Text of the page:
Dog Skin Odor – Skin and Coat
odor control : Skin and Coat
odor can usually be traced to one of three causes: oily skin, bacteria
or yeast present on the skin, or the dog rolled in something that
has a foul odor.
dogs just love dirt and smelly foul matter! They cannot resist rolling
in the most foul-smelling matter they can find – from dead fish
to animal droppings, to who-knows-what. Some dogs seem to simply
prefer a more odoriferous fragrance. If your dog rolled in something
disgusting or was sprayed by a skunk, your veterinarian can offer
advice on what shampoo would be the best for either situation.
Your dog’s skin is its largest organ and it’s an organ of elimination
– everything is forced out by the immune system. All perfectly normal!
The skin acts as a relief valve for this waste. Once the metabolic
debris has reached the skin the normal bacteria on the skin tries
to eliminate it. Problems occur when there is so much waste that
the ‘self cleaning’ mechanism is overwhelmed. The odor is caused
by the overabundance of decomposed waste matter left on the skin.
normal healthy conditions, a dog’s fur is self cleaning! The fur
has tiny upward facing scales that constantly move debris and dirt
away from the skin
skin of some dogs produce excess oils (an oily hair coat), which
can accumulate on the skin and become rancid. This condition is
called primary seborrhea and is evidenced by yellowish-brown scales
particularly at the elbows, hocks, and around the ears.
results in dry, flaky skin or greasy, foul-smelling skin (seborrhea
Dogs with primary seborrhea are usually treated with shampoos. Owners
often need to bathe their dogs two to three times a week with therapeutic
shampoos just to control the symptoms and try to prevent skin infections.
Unfortunately, skin infections occur, requiring treatment with antibiotics.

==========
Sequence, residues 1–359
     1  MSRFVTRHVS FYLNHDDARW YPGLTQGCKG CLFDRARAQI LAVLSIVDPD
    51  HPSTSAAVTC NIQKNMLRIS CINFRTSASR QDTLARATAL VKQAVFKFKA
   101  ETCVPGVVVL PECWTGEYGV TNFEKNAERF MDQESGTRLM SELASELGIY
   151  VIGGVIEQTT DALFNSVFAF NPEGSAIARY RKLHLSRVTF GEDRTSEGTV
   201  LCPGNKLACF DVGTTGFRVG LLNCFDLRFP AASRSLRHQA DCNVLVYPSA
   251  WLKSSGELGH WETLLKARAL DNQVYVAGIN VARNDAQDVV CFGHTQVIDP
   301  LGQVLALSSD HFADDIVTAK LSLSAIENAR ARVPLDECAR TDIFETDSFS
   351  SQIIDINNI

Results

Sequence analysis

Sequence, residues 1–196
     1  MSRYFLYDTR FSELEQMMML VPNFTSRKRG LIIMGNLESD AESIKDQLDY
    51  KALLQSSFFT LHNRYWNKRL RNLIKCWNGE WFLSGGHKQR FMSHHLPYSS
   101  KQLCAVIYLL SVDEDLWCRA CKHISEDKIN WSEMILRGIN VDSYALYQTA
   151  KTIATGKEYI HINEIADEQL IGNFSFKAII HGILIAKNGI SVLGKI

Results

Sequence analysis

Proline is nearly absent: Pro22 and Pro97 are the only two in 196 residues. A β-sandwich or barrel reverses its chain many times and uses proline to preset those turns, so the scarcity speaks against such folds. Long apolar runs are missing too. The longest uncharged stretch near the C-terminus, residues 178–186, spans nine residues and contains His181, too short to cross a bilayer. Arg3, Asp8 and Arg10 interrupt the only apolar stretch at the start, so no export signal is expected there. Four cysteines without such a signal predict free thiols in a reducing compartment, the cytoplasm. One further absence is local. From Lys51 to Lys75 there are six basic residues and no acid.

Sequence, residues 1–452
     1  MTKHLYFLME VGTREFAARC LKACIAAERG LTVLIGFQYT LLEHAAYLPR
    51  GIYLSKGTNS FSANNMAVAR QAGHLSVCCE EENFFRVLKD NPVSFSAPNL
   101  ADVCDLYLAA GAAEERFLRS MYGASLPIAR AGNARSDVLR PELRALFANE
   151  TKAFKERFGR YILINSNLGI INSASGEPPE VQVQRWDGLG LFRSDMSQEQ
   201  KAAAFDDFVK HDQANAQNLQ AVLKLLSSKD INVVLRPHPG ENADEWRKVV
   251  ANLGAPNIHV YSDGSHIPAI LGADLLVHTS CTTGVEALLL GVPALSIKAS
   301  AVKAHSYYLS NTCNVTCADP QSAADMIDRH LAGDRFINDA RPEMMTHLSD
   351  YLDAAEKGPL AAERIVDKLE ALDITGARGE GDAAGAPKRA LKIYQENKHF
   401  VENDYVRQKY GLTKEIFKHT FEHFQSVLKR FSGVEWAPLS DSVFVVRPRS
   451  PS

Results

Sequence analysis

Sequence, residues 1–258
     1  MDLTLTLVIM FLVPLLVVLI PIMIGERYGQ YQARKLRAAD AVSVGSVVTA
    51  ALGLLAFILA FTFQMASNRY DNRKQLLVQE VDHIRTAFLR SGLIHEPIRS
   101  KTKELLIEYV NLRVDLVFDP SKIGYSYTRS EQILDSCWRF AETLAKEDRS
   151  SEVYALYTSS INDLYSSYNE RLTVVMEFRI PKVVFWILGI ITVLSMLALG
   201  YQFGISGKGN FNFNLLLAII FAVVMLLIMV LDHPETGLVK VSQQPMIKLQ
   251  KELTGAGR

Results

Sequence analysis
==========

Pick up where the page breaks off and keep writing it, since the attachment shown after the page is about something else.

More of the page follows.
conditions allow the skin to become easily infected with bacteria
and yeast which further skin damage and increase the affected dog’s
in diet could be in order. The food you are using could result in
an excess of oil in the skin and coat. You can ask your vet to recommend
a food with a lower fat content.
vet can recommend a medicated shampoo with coal tar extracts. Let
the shampoo work for 10 minutes before rinsing. Do not wash too
frequently as oil glands will increase their output the more often
you bathe your dog.
skin diseases are more prevalent in certain dogs, and with bacteria
comes odor. Yeast infections of the skin can also cause odor.
shampoos, particularly those with a deodorizing agent added can
help control odor from bacteria. These formulations have ingredients
that kill the skin bacteria that are not washed away during rinsing.
shampoos such as those containing miconazole help to control yeast
infections on the skin. Vinegar rinses with equal parts of vinegar
and water can also help control yeast, although you dog now smells
just like a pickle!
is the common name for skin diseases due to parasitic Mites. It’s
serious and uncomfortable, ugly and smelly, but quickly gets better
with professional treatment from your vet.
usually treat mange by clipping, medicated baths, or sprays, as
well as oral medication or injections.
nutrition, in general, could be a solution. An addition of vitamins
and minerals and particularly biotin has been found to help dogs
you will likely be bathing your dog more often, use a fragrance-free
hypoallergenic shampoo in case your dog is trying to cover up the
fragrance you have selected with his choice of ‘natural perfumes’
such as dirt and smelly foul matter.
brushing and combing will help to promote good skin, remove odor-causing
material from the hair, as well as the oils that lead to odor, and
promote a healthy shiny coat.
– Pet Supplies Review